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Student Engagement: What Is It? Why Does It Matter?

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Handbook of Research on Student Engagement

Abstract

This chapter considers the relationships of student engagement with ­academic achievement, graduating from high school, and entering postsecondary schooling. Older and newer models of engagement are described and critiqued, and four common components are identified. Research on the relationship of each component with academic outcomes is reviewed. The main themes are that engagement is essential for learning, that engagement is multifaceted with behavioral and psychological components, that engagement and disengagement are developmental and occur over a period of years, and that student engagement can be modified through school policies and practices to improve the prognoses of students at risk. The chapter concludes with a 13-year longitudinal study that shows the relationships of academic achievement, behavioral and affective engagement, and dropping out of high school.

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Notes

  1. 1.

     Adapted from Fredericks et al. (2004, p. 60).

  2. 2.

     Correlations for the other scales are discussed under Cognitive Engagement and Social Engagement.

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Appendix

Appendix

Fourth Grade

Student Participation Questionnaire

The codes in parentheses indicate the subscale to which the item belongs:

 

Subscale reliability

E  =  Effort

.94

I  =  Initiative

.89

N  =  Nonparticipatory behavior

.89

V  =  Value

.68

The sign (+, −) indicates the direction of scoring. Items marked “−” should be reverse-scored before summing the items in the subscale.

(Items 29–31 are not part of these subscales).

Notes:

The items in this questionnaire have been combined in different ways for use in different research studies.

This questionnaire is in the public domain and may be used without permission. Notification to the author is requested.

The eighth-grade version of the questionnaire is available from the author upon request.

Fourth Grade

Student Participation Questionnaire

Student’s Name:________________________________________________________________

Below are items that describe children’s behavior in school. Please consider the behavior of the student named above over the last 2–3  months. Circle the number that indicates how often the child exhibits the behavior. Please answer every item.

 

This student:

Never

 

Sometimes

 

Always

(E+)

 1. pays attention in class

1

2

3

4

5

(E+)

 2. completes homework on time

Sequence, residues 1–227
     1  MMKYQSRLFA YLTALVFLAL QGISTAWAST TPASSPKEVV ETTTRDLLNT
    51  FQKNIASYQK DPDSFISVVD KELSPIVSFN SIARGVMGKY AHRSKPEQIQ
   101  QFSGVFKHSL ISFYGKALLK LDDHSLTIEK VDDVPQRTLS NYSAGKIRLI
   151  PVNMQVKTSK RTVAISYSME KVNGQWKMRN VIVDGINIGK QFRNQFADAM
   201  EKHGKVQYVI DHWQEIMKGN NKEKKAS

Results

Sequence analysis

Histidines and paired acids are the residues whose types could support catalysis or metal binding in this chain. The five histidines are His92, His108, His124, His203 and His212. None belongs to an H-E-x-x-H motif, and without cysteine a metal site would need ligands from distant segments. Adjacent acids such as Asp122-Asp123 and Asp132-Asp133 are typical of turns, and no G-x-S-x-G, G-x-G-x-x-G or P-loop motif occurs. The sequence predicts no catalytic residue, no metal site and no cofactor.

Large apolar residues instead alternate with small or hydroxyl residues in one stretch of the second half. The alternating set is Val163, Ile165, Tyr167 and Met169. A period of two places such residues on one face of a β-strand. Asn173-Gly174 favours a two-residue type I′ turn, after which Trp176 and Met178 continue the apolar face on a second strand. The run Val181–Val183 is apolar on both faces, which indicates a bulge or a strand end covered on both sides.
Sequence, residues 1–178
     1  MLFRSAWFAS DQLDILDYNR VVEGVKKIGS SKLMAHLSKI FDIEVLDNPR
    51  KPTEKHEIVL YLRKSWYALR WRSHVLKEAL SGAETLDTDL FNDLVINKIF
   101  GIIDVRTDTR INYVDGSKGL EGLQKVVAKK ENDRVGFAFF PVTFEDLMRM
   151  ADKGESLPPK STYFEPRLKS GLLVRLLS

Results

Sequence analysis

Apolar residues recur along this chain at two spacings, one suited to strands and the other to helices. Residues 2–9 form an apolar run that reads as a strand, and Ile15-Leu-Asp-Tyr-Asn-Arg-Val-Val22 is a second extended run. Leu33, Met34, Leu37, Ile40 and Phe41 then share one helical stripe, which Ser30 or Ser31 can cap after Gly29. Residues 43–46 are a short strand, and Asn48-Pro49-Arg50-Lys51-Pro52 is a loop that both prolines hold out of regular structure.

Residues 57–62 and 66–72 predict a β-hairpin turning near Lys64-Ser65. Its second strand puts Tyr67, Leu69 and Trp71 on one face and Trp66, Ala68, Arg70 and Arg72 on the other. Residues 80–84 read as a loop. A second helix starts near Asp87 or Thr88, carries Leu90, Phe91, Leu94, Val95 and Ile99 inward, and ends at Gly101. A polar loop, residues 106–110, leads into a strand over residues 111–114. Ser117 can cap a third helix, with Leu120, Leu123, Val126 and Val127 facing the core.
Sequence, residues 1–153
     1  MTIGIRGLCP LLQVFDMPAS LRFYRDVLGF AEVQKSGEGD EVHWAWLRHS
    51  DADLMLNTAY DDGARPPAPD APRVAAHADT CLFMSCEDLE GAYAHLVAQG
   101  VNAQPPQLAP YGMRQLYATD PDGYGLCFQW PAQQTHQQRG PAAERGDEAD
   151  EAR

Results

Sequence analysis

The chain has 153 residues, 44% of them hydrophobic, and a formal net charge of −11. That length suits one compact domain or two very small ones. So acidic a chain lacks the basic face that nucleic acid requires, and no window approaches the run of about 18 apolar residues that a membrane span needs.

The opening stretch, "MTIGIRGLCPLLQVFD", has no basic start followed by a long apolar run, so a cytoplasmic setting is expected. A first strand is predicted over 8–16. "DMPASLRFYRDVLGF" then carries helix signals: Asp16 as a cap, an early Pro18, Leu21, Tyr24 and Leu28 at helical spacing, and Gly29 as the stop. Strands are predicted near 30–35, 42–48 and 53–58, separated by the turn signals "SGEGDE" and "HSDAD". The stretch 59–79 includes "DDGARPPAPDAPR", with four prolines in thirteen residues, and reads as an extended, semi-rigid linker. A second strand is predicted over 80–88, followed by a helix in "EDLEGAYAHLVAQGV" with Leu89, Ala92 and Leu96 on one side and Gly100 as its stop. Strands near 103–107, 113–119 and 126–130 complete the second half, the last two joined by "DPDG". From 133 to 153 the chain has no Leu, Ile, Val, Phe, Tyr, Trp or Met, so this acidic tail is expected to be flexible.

1

2

3

4

5

(E+)

 3. works well with other children

1

2

3

4

5

(E−)

 4. loses, forgets, or misplaces materials

1

2

3

4

5

(E−)

 5. comes late to class

1

2

3

4

5

(I+)

 6. attempts to do his/her work thoroughly and well, rather than just trying to get by

1

2

3

4

5

(N+)

 7. acts restless, is often unable to sit still

1

2

3

4

5

(I+)

 8. participates actively in discussions

1

2

3

4

5

(E+)

 9. completes assigned seat work

1

2

3

4

5

(V+)

10. thinks that school is important

1

2

3

4

5

(N+)

11. needs to be reprimanded

1

2

3

4

5

(N+)

12. annoys or interferes with peers’ work

1

2

3

4

5

(E+)

13. is persistent when confronted with difficult problems

1

2

3

4

5

(E−)

14. does not seem to know what is going on in class

1

2

3

4

5

(I+)

15. does more than just the assigned work

1

2

3

4

5

(I−)

16. is withdrawn, uncommunicative

1

2

3

4

5

(E+)

17. approaches new assignments with sincere effort

1

2

3

4

5

(V−)

18. is critical of peers who do well in school

1

2

3

4

5

(I+)

19. asks questions to get more information

1

2

3

4

5

(N+)

20. talks with classmates too much

1

2

3

4

5

(E−)

21. does not take independent initiative, must be helped to get started, and kept going on work

1

2

3

4

5

(E−)

22. prefers to do easy problems rather than hard ones

1

2

3

4

5

(V−)

23. criticizes the importance of the subject matter

1

2

3

4

5

(E+)

24. tries to finish assignments even when they are difficult

1

2

3

4

5

(I+)

25. raises his/her hand to answer a question or volunteer information.

1

2

3

4

5

(I+)

26. goes to dictionary, encyclopedia, or other reference on his/her own to seek information

1

2

3

4

5

(E−)

27. gets discouraged and stops trying when encounters an obstacle in schoolwork, is easily frustrated

1

2

3

4

5

(I+)

28. engages teacher in conversation about subject matter before or after school, or outside of class

1

2

3

4

5

 

29. attends other school activities such as athletic contests, carnivals, and fund-raising events

1

2

3

4

5

 

30. The student’s overall academic performance is

Above average

 

Average

 

Below average

    

1

2

3

 

31. Does this student attend special education classes outside of your classroom?

  

No

 

Yes

     

1

2

Thank you for your time. Please enclose the teacher/class information sheet and all the questionnaires—those completed and not complete—in the envelope provided and return it to your principal.

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Finn, J.D., Zimmer, K.S. (2012). Student Engagement: What Is It? Why Does It Matter?. In: Christenson, S., Reschly, A., Wylie, C. (eds) Handbook of Research on Student Engagement. Springer, Boston, MA. https://doi.org/10.1007/978-1-4614-2018-7_5

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